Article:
In 1889, H. Colley March noticed that some ancient artifacts had a retro look. They imitated—just for show—elements from older objects. Bronze axes had “thong-work” like flint axes. Pottery bowls had patterns resembling basket weaving. March coined the term skeuomorph (SKYOO-uh-morf), from Greek skéuos (container or tool) and morphḗ (shape), for these design throwbacks. But skeuomorphs aren’t confined to museums. Look around and you’ll find them everywhere.
1. Electric candles
Whether they’re gleaming in chandeliers or flickering on a restaurant table, electric lights masquerading as candles are skeuomorphs.
2. Music synthesizers
Electronic synthesizers can emulate anything from a piccolo to a double bass, or produce electronic peeps, booms, and jangles. They may be no-nonsense boards with sliders and knobs, but they often skeuomorphically take on the look of traditional instruments like guitars or piano keyboards.
3. Automobile wheel spokes
Wagon wheels and bike wheels need spokes. Car wheels don’t, but for some reason they look cool with them.
4. Woodie cars
The “woodie” cars of the 1930s and ‘40s skeuomorphically featured wooden passenger compartments echoing the look of horse-drawn carriages. In fact, the components were sometimes crafted by coach-building firms. Later model woodies with fake wood panels were skeuomorphs of skeuomorphs.
5. Wooden cash register
In another twist on wooden skeuomorphs, Lindsay Zuelich handcrafted an “antique” cash register for her booth at the giant crafts market, Crafted at the Port of Los Angeles. The drawers work, but calculations are done on an iPad and a Square Card Reader accepts payments.
6. Imitation leather
Pleather, Ultrasuede or the “hyde” of the wild Nauga—if it’s fake leather, it’s a real skeuomorph.
7. Deleting Files
When computer manufacturers decided to move their machines from the clutches of techies into the jittery hands of the general public, they thought skeuomorphic graphical user interfaces would make them comfortingly familiar. That crumpling paper sound is very satisfying.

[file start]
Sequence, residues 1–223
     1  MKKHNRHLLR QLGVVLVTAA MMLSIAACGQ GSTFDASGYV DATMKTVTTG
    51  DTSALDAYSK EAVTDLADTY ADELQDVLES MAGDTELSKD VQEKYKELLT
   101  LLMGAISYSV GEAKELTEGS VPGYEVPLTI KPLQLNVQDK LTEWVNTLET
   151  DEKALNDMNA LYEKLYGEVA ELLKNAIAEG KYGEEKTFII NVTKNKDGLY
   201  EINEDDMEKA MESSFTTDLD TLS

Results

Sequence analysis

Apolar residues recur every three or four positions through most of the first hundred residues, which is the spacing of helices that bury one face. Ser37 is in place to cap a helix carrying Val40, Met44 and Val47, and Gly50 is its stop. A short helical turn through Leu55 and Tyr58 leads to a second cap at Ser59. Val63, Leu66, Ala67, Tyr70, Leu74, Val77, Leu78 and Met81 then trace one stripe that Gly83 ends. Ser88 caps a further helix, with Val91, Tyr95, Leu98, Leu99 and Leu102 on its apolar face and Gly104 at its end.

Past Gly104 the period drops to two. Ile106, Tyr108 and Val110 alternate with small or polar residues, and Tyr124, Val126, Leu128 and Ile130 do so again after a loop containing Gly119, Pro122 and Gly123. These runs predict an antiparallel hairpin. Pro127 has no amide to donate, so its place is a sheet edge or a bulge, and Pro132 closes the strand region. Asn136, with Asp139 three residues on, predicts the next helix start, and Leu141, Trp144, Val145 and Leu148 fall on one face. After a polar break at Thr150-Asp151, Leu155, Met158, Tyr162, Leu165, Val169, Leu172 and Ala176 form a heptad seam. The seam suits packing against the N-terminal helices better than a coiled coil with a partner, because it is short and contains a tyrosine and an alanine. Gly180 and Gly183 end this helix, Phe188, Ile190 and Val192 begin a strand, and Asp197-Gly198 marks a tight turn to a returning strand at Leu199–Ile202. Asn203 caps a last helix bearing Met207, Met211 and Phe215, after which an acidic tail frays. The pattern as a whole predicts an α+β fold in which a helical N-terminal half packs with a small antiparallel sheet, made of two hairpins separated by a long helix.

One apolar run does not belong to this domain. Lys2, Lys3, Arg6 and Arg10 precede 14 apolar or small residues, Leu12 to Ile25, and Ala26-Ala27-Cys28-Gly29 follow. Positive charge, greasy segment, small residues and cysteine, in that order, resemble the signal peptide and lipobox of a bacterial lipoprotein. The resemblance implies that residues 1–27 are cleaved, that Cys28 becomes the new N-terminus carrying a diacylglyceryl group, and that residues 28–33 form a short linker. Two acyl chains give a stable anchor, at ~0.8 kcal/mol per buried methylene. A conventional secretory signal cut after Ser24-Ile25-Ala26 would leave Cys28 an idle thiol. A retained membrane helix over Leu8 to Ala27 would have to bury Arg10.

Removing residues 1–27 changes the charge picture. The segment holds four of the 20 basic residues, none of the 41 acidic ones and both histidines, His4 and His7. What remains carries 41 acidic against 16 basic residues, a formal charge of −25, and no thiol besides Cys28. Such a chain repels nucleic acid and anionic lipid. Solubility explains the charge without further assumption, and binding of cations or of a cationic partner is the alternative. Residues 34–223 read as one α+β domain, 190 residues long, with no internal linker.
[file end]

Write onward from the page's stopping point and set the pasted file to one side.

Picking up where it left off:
8. Saving Files
It's unlikely you're still using floppy disks to save your documents.
9. Shopping cart icon
What could graphically represent the process of gathering items to purchase online better than the familiar supermarket cart?
10. Clicks on camera phones
Sounds can be skeuomorphic too. Camera phones don’t have mechanical shutters, but the electronically produced click reassures users that they’ve “snapped” a picture.
11. Old Phone ring tone
Amid the cacophony of chirps, croaks, and pop tunes emanating from cell phones, the sharp brrring! tone out of a 1930s movie is a standout.
12. Even the phone icon itself
13-16. More Friendly Computers
Apple co-founder Steve Jobs loved the red-curtained “photo booths”...
...the contact lists that looked like leather-bound address books, and the simulated yellow legal pads for note taking.
But after his death, the anti-skeuomorphists at Apple won out. With the introduction of iOS7 last year, the wood-grain bookshelf was tossed into the virtual landfill.
17. Computer tools you manipulate like physical ones
Don’t play “Taps” for the skeuomorph yet. The Human Interfaces Group at Carnegie Mellon just announced an iPad app that lets users employ virtual tools with familiar hand movements from the real world. They can enlarge text by gripping and moving a virtual magnifying glass, highlight as if holding a digital felt-tip marker and erase with a real-looking pink eraser.
And besides, without the skeuomorphic envelope, how would you represent an email app?
All images courtesy of Thinkstock unless otherwise noted.